Last week I sat down to watch the screening of the much talked-about Chris Rock documentary titled: “Good Hair”. Mr. Rock first delved into making the documentary after a conversation with his daughter who stated: “Daddy how come I don’t have good hair.” He proceeds to take America on a tour of the intricacies of the Black woman’s hair saga. In true Chris Rock fashion, he visits beauty salons, talks with hairstylists, celebrities such as Nia Long, Raven Symone, Ice-T, Salt n Pepa to Rev. Al Sharpton, Dr. Maya Angelou and the explores the Bronner Brothers Hair Show Royal as well as the mega conglomerate Dudley’s. He utilizes such humor and sarcasm to discuss the breakdown of perms, weaves and the meaning behind the term: good hair.
Please don’t get me wrong; I thought some aspects of the film were hilarious and true such as you cannot touch a Black woman’s freshly done mane, the overdone materialism expressed in the film is disconcerting. As I continued to watch the flick I realized the stereotypes portrayed and the depiction of women ready to risk their rent money or a fully stocked refrigerator for a good weave, subject their young daughters (2+ years old) to the chemicals of a perm, “subsidize” their income for a $2000 hairdo, or put hair on layaway is not only ridiculous but does not illustrate the number of women in society who would never do such nonsense. While viewing the film, I wondered how many people outside our racial community would believe that all Black women behave in such an irresponsible manner.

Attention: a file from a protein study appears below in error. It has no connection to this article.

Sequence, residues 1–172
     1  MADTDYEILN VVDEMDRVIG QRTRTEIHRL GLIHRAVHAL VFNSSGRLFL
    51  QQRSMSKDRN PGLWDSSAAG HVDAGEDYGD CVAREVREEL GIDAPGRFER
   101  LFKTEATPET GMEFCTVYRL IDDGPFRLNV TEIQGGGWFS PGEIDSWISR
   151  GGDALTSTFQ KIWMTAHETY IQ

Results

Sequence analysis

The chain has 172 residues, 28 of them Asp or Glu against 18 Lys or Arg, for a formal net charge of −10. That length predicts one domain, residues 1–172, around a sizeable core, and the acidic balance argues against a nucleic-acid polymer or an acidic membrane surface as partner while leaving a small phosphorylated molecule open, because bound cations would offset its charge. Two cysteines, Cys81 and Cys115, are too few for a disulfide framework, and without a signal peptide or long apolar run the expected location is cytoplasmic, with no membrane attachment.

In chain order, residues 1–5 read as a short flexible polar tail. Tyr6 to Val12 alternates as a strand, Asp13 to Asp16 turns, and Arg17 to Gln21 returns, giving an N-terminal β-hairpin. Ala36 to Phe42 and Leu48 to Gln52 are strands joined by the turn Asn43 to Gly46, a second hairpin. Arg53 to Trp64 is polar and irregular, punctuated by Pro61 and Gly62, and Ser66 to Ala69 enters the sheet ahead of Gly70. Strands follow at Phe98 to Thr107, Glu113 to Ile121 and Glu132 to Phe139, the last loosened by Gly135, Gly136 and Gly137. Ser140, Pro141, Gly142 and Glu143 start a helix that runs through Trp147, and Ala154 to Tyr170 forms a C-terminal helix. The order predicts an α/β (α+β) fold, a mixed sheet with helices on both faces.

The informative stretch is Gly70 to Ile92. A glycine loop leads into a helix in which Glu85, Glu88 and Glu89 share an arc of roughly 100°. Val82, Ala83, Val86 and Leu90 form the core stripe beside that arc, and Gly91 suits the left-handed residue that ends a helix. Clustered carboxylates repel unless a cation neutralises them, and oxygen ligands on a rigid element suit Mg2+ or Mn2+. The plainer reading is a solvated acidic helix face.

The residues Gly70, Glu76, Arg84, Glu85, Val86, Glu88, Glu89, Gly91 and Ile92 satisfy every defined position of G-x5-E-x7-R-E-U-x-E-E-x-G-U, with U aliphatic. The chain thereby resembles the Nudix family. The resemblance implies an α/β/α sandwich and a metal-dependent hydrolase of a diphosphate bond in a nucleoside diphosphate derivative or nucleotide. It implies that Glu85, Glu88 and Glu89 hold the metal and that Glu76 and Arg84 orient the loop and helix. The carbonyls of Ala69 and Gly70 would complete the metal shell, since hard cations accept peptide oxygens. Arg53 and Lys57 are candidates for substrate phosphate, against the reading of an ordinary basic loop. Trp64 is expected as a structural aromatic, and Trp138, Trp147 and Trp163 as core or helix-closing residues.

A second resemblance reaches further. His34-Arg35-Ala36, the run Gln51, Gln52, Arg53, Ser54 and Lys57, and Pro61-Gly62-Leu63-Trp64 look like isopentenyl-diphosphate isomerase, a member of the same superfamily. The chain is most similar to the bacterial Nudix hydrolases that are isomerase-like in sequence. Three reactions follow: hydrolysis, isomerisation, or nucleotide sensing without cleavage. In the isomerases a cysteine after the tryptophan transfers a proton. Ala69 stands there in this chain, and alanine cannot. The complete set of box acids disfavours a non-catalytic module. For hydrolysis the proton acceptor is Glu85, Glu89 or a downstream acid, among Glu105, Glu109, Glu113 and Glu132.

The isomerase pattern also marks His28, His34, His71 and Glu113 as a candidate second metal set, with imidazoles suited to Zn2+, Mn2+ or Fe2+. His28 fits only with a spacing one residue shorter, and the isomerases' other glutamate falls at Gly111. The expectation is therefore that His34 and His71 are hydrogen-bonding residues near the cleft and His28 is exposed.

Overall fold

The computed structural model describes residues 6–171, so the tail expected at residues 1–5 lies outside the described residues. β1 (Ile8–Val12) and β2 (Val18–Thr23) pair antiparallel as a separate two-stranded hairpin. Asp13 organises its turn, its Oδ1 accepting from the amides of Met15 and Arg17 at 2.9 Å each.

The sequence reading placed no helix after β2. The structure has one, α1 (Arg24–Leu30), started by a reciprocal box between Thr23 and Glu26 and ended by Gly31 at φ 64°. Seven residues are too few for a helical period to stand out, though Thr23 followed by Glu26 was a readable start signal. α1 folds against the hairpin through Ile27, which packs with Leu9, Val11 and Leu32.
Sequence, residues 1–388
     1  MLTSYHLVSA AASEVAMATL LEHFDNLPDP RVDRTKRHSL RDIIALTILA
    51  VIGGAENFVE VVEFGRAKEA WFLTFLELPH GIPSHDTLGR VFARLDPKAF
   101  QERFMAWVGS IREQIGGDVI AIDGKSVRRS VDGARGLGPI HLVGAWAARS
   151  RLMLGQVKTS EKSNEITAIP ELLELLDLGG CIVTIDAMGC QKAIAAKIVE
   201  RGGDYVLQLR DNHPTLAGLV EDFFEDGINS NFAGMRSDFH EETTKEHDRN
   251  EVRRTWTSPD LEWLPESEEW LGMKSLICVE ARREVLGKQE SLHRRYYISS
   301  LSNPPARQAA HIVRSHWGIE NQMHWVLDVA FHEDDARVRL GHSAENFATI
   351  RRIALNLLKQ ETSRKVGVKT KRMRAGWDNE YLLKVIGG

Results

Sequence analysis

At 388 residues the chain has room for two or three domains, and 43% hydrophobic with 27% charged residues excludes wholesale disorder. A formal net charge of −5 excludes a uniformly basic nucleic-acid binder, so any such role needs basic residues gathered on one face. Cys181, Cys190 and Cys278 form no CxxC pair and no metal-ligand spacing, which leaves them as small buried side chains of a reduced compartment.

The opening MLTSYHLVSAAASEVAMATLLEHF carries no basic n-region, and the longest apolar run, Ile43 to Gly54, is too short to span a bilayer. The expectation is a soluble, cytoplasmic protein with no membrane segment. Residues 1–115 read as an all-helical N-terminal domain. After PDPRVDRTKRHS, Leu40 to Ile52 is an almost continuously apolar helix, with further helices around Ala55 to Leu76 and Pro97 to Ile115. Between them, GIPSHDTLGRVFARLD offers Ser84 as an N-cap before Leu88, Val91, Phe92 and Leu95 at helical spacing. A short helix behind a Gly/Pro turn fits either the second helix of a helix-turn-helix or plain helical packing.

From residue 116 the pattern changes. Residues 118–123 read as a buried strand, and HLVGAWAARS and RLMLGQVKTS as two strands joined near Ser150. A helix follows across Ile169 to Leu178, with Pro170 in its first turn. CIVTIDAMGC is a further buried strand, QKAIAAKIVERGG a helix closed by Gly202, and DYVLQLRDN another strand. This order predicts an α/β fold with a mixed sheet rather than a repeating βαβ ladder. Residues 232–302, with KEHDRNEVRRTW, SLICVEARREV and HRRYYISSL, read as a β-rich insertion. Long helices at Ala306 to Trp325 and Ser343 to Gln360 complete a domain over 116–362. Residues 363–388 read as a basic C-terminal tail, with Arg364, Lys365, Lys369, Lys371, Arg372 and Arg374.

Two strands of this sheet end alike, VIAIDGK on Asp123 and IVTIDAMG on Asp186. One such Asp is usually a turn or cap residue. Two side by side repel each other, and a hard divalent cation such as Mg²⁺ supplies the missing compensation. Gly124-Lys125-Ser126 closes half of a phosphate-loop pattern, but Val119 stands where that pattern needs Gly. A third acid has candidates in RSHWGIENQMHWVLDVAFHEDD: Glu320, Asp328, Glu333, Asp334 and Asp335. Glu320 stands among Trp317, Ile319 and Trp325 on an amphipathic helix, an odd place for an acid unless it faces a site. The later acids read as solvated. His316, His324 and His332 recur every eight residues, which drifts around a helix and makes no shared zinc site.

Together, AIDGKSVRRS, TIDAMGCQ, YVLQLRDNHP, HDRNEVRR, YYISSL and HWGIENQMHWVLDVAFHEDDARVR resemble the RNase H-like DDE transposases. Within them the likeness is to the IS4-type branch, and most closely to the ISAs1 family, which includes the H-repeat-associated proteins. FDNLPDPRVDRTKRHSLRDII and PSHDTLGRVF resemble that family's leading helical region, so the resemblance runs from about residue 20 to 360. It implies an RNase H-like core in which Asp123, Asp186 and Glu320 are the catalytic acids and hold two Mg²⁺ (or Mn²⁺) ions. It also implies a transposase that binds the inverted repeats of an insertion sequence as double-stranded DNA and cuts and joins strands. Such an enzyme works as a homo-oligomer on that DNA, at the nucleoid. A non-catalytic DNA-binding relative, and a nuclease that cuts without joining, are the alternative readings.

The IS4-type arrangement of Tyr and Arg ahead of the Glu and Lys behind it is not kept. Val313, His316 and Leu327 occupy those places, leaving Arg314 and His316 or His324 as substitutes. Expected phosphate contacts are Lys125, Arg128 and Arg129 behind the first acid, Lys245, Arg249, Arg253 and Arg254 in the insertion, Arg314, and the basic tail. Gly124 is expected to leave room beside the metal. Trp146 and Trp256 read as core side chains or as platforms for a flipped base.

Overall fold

The film showed a small fraction of society and I’m sure part of that reasoning is for more anecdotal influence and makes the best ratings. What was the most disturbing is our lack of ownership for a market that is mostly African-American. As Chris journeys across the ocean to India, where 85% of human hair is sacrificed for religious purposes (hair is seen as vanity in India) to the hair capital of the world Los Angeles, New York and back to the ATL, he explores the abundance of capitalism connected to the hair industry. Nine billion dollars are earned every year and with only about four exclusive black hair companies in existence, the multi-billion dollar profits are going into the hands of Asians, Europeans and Indians. As a race, we place so much emphasis on our hair and invest dollars into this market and therefore it makes no sense that we do not reap some of the profits. Why is it that there are only 4 major Black companies that own stock in the hair industry? Why are we constantly making others outside our community rich while we remain bankrupt?
As Black women we are diverse, trend-setters. Whether we have natural, straight, curly hair or weaves, we express ourselves through our hair. As descendants of queens such as Nefertiti to Cleopatra, the use of wigs and ornaments to adorn ourselves is a part of our rich ancestry. Why has it now taking on new meaning?
What is your opinion of the Good Hair documentary? Do you believe its representative of all Black women in America? How do you relate to the term “Good hair”? Are you a natural or weave woman? Do you love to change your tresses to express your own individual style? What does your man love about your hair? Have you ever sacrificed a need in order to get that $3500 weave?